Numbers tell the story, and we’ve got your numbers.
The News Center work group known as the Data Circle is your guide through the world of what counts. And what can be counted.
We’ll find the figures and show the patterns that explain life here in Tampa Bay-from amusement parks to zoo animals, with government salaries and big water users in between.
If it’s facts you want, we’ll find them for you. Shoot us an email.
Joyce joined The Tampa Tribune as senior editor for metro in 2005 and later helped launch TBO.com’s continuous news desk. He has worked as an editor and reporter in Arizona, Kentucky, Virginia, Idaho and Stuart, Fla. Email
Scullin has worked for The Tampa Tribune since 2005, directing news coverage in Pasco County and serving as the paper’s Sunday editor. He has worked as an editor and reporter in Lakeland, Sarasota, North Carolina and California. Email
Courtney Cairns Pastor
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Back to school numbers
Posted Aug 22, 2011 by Jeff Scullin
Updated Aug 22, 2011 at 03:04 PM
Most students in the Tampa Bay area go back to school this week, and even if you don’t have school-age kids living in your house, the rush back to school is a big deal in several ways. Traffic is likely to be a little heavier as parents and buses ferry children to and from school; work schedules will be stretched or changed for some workers, and local stores will get a needed economic boost.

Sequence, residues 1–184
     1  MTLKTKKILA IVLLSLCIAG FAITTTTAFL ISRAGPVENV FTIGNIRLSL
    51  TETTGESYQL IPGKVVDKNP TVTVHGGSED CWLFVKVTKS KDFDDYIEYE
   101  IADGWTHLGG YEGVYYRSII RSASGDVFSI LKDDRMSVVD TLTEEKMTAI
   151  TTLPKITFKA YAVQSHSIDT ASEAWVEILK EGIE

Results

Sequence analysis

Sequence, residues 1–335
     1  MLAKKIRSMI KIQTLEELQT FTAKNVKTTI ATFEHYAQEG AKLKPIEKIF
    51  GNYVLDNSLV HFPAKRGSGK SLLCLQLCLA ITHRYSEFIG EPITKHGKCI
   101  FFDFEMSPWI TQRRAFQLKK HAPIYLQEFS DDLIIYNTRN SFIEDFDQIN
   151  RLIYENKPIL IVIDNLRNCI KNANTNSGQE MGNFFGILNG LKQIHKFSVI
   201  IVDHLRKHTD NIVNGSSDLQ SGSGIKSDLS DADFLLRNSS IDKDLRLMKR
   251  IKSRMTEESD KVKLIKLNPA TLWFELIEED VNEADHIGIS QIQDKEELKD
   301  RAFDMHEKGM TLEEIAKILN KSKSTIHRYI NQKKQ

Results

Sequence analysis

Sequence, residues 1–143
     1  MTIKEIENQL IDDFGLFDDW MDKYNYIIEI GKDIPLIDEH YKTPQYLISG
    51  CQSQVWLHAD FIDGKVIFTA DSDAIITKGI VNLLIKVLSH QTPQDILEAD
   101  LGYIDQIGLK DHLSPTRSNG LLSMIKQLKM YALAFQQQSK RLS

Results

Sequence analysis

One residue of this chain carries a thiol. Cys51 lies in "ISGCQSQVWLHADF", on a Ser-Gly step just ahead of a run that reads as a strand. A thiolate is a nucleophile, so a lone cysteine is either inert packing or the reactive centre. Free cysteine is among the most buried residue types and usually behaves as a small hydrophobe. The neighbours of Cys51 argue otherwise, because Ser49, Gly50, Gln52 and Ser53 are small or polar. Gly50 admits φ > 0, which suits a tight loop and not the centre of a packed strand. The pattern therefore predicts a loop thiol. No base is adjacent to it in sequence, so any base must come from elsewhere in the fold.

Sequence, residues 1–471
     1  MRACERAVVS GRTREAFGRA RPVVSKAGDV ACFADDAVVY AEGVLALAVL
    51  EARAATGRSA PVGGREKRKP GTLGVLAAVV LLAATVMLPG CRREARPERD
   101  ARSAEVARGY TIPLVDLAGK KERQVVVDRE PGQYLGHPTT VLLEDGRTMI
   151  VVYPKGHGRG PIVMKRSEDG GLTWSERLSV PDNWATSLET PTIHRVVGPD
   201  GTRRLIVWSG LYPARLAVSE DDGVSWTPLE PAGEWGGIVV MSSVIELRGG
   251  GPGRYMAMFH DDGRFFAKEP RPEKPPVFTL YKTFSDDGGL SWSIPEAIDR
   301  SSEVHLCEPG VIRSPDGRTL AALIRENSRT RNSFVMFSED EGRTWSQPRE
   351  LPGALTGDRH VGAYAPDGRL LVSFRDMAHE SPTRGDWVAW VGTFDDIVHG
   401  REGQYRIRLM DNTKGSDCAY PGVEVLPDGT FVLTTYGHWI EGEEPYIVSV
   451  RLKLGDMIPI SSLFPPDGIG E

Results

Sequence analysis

How much? Consider these national figures from the U.S. Census Bureau:
$7.4 billion: Spent at family clothing stores in August 2010
$2.2 billion: Bookstore sales in August 2010
There are an awful lot of students contributing to that economic boom – 77 million, as of October 2009, according to the Census. That encompasses children and adults, from nursery school to college, and accounted for 27 percent of the population 3 and older.
Of those students, here’s how the numbers break down:
55.5 million: Students enrolled in pre-K through high school
19.7 million: College students – up from 14.4 million 20 years ago
Random facts you might find interesting:
• 11 percent of students in pre-K through high school were in private school
• 43 percent of those students were minorities
• 23 percent of those students had at least one parent not born in the United States
• 11.2 million students between 5 and 17 spoke a language other than English at home. Eight million of those kids spoke Spanish.
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